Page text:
SAXTONS RIVER -- Max Leclaire's DNA is changing. It doesn't turn him green and give him super strength like the Incredible Hulk, but it is saving his life.
Ten-year-old Max, of Saxtons River, is one of 12 children in the country participating in a clinical trial testing the effects of a drug that reverses the symptoms of Duchenne muscular dystrophy.
Eteplirsen, the drug created by Sarepta Therapeutics, helps Max's body create dystrophin, a protein he lacks because of Duchennes, and alters his genetic code, replacing the missing chromosome, to provide structural stability in his muscle tissue.
As Max has consistently gotten stronger each week he's received the treatment, the news is bittersweet for the family. His older brother, Austin, 13, also suffers from the rare disease and his symptoms had progressed beyond the qualifications of the clinical trial so that he isn't able to get treatment.
Austin, who was diagnosed at 3 years old, has been confined to a wheelchair since he was 10, when his muscles began to deteriorate because of the disease, which can be fatal, the boys' mother, Jenn Mcnary said.
Max, who was diagnosed at 3 months old, was on the same path as Austin and close to losing the ability to walk also until he qualified to get weekly treatment at Nationwide Children's Hospital in Columbus, Ohio.
"How can we celebrate this drug when one of our kids might die?" she said. "We're not mad at the drug company, we just want to know what we can do to help get this drug into the hands of every kid with Duchennes."
Because Max has shown improvement he will continue to get treatment as long as it helps him produce the protein, and every three months will have to perform a walking test to track his strength and progression, Mcnary said.
As Max runs around, goes swimming and plays with his favorite "Ben 10" action figures on the floor, Austin has trouble lifting his arms above his head and requires help getting in and out of bed.
"If my brother got on the drug, too, it would help him like it's helped me," Max said. "It could make him strong, too."
Austin said his hope to be on the drug is simple; to make him stronger so he could get in and out of his wheelchair and bed by himself.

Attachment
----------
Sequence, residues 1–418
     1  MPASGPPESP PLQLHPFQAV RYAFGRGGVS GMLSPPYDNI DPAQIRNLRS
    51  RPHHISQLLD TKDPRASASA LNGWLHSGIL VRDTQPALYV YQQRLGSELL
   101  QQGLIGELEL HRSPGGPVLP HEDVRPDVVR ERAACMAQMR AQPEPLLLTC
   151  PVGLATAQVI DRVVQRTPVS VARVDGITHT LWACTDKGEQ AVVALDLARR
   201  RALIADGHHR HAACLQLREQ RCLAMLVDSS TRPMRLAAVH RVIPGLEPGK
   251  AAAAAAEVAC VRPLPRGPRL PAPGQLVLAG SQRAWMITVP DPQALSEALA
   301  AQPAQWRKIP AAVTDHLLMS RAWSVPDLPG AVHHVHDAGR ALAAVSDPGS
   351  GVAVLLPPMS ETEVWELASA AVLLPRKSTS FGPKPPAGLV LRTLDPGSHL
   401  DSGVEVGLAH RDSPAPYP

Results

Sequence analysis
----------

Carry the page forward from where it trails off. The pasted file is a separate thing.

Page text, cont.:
"I'd rather be able to do stuff by myself. I think both of us should have the drug, we both have the same thing missing," Austin said. "I'm hoping it could give me strength but it could also help other kids keep walking before they lose the ability to."
Although it's sometimes difficult for Austin to watch his younger brother being able to do all the things he knows he can't, he's glad Max is on the drug.
"I'm jealous of him, but I'm happy for him, too," Austin said. "If I lose more of my strength I might not be able to hold myself up."
According to a recent report from the National Institutes of Health, approximately one in every 3,600 boys have Duchennes in the United States. Most don't live to 25.
For Craig Mcnary, the boys' stepfather, it's been heartbreaking to see Austin lose his motor function knowing there isn't anything he can do.
"It's difficult because we can't just go down the brook and go fishing or jump on the back of the ATVs Austin loves so much," he said. "Having people watch us, him in the chair, it's tough."
Despite numerous request to the drug company, Sarepta officials have told the family the reason Austin and other children can't be put on Eteplirsen yet is because of "complex regulatory, political, manufacturing and fiscal issues that need to be addressed before a compassionate access program can be developed."
Jenn Mcnary said the Federal Drug Administration and the doctor administering the drug to Max at Dartmouth Medical Center in Lebanon, N.H., have both stated they would approve Austin to receive Eteplirsen, they just need the OK from Sarepta.
"If there's manufacturing for 12 why no 13?" she said. "If it's money, there's fundraisers ... It can't be enough to say ‘be patient' when we have a child dying."
Austin doesn't have a day to lose, none of the kids with Duchenne do, Craig said.
"We're trying to save Austin's ability to feed himself, to go to the bathroom by himself, to swallow," he said. "Kids with Duchenne don't get better unless they're on a drug like this."
Since news of the drug's success went public last week, Sarepta's stock has nearly tripled.
On April 2, Sarepta stated that Eteplirsen didn't help patients walk even though it did increase dystrophin levels. Those results were based on the first 24 weeks of the trial in which some of the boys were on the drug, others on a placebo.
However at 36 weeks, patients like Max, who were treated with the drug every week, showed significant difference between those on the placebo or patients who took the smaller dose of Eteplirsen.
On July 24, the day the report from Sarepta was released, stock prices soared from the $3.46 closing on Monday to finish at $8.52 per share.
"We won't stop working until all kids have access to this drug because we know it works," Jenn said.
Phone calls to Sarepta asking for comment on this story weren't returned.
Josh Stilts can be reached at firstname.lastname@example.org, or 802-254-2311 ext. 273.